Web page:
Seniority vs Skill: Dedication Should Determine Varsity Spots


Rebecca Woan

Sophomore Bear Beghe seen fighting for a ball during a road game at Francis Parker.

You exit the court, field, or track dripping with sweat. This is finally the year. You practiced your sport all summer—going to open gyms and training with teammates whenever possible. Tryouts went well. A bit more crowded than anticipated, but you have built a strong relationship with the coach. The next day, the email hits you like a freight train: you were cut. And someone who did make the team: a senior who has not played since freshman year. Is it fair?
Seniority plays a significant role in determining who will make varsity teams at Latin, and coaches have to grapple with how much it matters in contrast to skill. Some empathize with the older athletes, as underclassmen will have a chance to support the team in the coming years. Others do not. Realistically, the answer lies between age and skill.
The top factor in choosing who will be placed on varsity-level teams should be demonstrated commitment. The student-athletes who prove themselves to both coaches and captains by going the extra mile are ultimately most deserving of a roster spot, regardless of other factors.
While there are scenarios in which seniors show little interest in a sport until deciding to play at the last minute, the vast majority care deeply about athletics. Even those with less inherent athletic ability value being part of a team. Maintaining a healthy activity after school, being a member of a tight-knit group with common goals, and having fun playing the sport they love is why students practice and train constantly.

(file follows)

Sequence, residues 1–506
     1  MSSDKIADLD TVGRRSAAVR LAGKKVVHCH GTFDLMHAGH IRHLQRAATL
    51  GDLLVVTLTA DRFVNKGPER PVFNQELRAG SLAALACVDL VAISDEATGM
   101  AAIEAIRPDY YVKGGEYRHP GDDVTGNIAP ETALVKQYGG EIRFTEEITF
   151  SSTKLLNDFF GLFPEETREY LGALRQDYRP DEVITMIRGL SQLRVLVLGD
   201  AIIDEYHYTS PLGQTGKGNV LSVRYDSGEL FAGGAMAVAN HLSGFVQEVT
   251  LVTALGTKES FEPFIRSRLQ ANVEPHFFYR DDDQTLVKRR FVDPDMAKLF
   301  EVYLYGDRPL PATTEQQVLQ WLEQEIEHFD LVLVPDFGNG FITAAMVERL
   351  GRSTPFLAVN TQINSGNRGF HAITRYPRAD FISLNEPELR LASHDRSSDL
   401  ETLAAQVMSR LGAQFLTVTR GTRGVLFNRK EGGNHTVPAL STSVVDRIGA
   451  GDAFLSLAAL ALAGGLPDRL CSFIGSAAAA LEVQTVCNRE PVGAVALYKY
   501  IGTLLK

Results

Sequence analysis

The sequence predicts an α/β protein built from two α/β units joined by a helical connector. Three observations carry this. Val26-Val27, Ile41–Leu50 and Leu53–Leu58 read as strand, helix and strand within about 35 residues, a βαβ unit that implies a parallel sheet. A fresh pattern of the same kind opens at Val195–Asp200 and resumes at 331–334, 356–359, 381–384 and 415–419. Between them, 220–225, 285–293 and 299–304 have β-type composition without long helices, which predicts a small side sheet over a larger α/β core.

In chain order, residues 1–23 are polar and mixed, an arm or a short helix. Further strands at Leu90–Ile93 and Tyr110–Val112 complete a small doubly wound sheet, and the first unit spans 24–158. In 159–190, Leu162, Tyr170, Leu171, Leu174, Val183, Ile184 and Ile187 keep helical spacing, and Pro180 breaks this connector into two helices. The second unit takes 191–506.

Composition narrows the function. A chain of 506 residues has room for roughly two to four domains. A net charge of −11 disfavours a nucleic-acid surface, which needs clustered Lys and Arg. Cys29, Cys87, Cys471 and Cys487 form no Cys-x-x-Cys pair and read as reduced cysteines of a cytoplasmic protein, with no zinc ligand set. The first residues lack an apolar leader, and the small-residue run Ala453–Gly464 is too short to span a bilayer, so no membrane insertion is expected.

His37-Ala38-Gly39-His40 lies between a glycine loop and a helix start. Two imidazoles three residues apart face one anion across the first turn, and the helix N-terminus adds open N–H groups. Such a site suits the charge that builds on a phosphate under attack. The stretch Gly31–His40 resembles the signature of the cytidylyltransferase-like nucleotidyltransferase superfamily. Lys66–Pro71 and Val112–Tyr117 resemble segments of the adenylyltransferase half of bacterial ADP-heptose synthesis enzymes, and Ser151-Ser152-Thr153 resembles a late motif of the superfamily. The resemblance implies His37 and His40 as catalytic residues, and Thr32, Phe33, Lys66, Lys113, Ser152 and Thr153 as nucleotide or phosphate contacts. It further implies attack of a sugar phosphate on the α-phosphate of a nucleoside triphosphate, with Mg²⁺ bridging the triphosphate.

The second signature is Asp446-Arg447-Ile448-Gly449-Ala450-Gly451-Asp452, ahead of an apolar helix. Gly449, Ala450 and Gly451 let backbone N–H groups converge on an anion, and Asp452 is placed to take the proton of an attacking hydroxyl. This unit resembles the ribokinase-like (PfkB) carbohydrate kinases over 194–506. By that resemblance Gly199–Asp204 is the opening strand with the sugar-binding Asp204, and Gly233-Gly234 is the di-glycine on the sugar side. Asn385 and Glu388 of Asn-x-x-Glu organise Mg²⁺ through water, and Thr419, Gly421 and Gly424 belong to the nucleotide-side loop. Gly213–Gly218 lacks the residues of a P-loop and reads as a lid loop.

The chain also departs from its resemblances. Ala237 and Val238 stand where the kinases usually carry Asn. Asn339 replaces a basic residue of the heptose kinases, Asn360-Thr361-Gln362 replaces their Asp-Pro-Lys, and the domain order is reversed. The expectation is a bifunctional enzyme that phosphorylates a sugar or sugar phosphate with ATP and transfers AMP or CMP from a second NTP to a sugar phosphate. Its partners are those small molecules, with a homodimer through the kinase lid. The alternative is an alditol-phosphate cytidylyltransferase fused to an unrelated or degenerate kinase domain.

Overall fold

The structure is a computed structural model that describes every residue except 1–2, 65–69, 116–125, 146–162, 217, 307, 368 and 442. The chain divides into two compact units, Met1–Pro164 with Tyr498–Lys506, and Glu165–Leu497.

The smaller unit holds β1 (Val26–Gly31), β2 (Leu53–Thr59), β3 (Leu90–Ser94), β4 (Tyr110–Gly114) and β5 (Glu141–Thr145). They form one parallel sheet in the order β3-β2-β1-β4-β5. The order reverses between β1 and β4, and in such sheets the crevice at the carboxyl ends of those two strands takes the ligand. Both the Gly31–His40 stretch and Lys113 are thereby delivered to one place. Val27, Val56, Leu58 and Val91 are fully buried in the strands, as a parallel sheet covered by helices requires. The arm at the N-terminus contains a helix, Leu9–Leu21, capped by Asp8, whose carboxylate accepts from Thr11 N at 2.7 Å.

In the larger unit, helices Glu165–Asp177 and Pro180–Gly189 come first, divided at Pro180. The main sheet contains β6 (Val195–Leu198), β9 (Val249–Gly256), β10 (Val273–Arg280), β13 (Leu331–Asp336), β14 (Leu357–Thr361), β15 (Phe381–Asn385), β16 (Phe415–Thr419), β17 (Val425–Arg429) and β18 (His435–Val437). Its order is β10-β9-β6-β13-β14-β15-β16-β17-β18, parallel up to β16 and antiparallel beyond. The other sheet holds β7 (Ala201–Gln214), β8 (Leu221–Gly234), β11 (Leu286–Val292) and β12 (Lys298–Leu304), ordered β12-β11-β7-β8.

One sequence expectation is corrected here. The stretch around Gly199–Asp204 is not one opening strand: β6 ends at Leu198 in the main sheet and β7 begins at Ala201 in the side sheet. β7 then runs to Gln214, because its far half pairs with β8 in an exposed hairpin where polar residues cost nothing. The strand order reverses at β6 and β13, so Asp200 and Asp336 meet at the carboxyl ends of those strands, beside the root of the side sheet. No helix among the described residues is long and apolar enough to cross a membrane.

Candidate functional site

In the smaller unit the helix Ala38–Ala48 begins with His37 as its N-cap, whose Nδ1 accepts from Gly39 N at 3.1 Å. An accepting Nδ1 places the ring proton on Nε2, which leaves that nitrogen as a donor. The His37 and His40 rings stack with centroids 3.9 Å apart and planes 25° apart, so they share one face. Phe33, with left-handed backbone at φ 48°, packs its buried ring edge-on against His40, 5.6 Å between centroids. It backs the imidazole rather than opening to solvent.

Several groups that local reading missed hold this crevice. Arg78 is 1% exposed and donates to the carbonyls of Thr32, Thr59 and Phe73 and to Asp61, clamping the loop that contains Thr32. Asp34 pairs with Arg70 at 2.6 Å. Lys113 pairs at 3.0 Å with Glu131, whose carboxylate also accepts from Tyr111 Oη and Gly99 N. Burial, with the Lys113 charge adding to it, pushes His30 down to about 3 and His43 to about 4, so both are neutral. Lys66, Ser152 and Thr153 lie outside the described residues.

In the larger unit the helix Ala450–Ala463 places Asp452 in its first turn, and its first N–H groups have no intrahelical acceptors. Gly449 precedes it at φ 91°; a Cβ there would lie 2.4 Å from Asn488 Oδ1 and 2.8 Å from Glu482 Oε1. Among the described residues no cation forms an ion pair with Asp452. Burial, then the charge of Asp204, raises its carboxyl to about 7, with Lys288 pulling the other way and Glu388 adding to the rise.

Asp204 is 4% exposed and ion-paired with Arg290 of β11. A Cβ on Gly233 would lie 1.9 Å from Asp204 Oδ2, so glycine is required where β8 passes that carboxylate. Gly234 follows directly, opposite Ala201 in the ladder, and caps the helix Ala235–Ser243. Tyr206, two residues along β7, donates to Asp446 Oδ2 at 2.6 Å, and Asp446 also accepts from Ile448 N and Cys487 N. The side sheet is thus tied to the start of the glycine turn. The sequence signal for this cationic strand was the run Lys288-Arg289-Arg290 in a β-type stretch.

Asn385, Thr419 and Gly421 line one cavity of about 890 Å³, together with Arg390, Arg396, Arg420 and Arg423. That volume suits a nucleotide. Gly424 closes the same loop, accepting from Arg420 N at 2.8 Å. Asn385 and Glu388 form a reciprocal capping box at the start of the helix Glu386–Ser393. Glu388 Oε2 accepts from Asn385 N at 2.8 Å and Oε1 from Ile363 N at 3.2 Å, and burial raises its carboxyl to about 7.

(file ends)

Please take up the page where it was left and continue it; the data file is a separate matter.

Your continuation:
Although I think that dedication should determine who makes it onto a varsity team, playing time should be assigned by skill, as the priority for Latin’s varsity athletics should be winning. While a team can afford to put less skilled players on the roster if they provide value in other ways, putting them on the field doesn’t make complete sense. If a senior does not receive their desired playing time, they can look for ways to positively impact the team in other capacities or leave the team. For any athletic program, including a smaller school like Latin, coaches are hired to achieve competitive excellence, not to ensure upperclassmen play. However, the coach is responsible for giving those who are committed to improvement and leadership the opportunity to prove themselves. In other words, they can ensure that a senior who gives their full effort to every team activity for their four years at Latin is not neglected or cut.
A kinder alternative offered to upperclassmen, specifically juniors, worthy of playing time but who may not have a spot on varsity, is the option to play on JV. While the concept does not engage everyone and might be considered embarrassing, the dynamics of a JV team provide similar benefits to being on varsity. The same logic can apply to younger students who can begin the year on JV, work their way up by proving their leadership skills and talent, and eventually play for varsity by the end of the season. Yes, being labeled a floater is unappealing to some, but it leaves the door open for gaining more in-game experience while striving toward the end goal of contributing to varsity.
Dedication can often be confused with seniority, as upperclassmen have the most opportunities to demonstrate why they care. Age does not matter when it comes to building a connection with a coach, but experience does. Those who practice over the summer, go to open gyms, and train with teammates should be prioritized. I’d like to think that despite the outcries of talented freshmen not yet ready to play at the highest level and seniors trying to make varsity as newcomers, coaches feel the same way.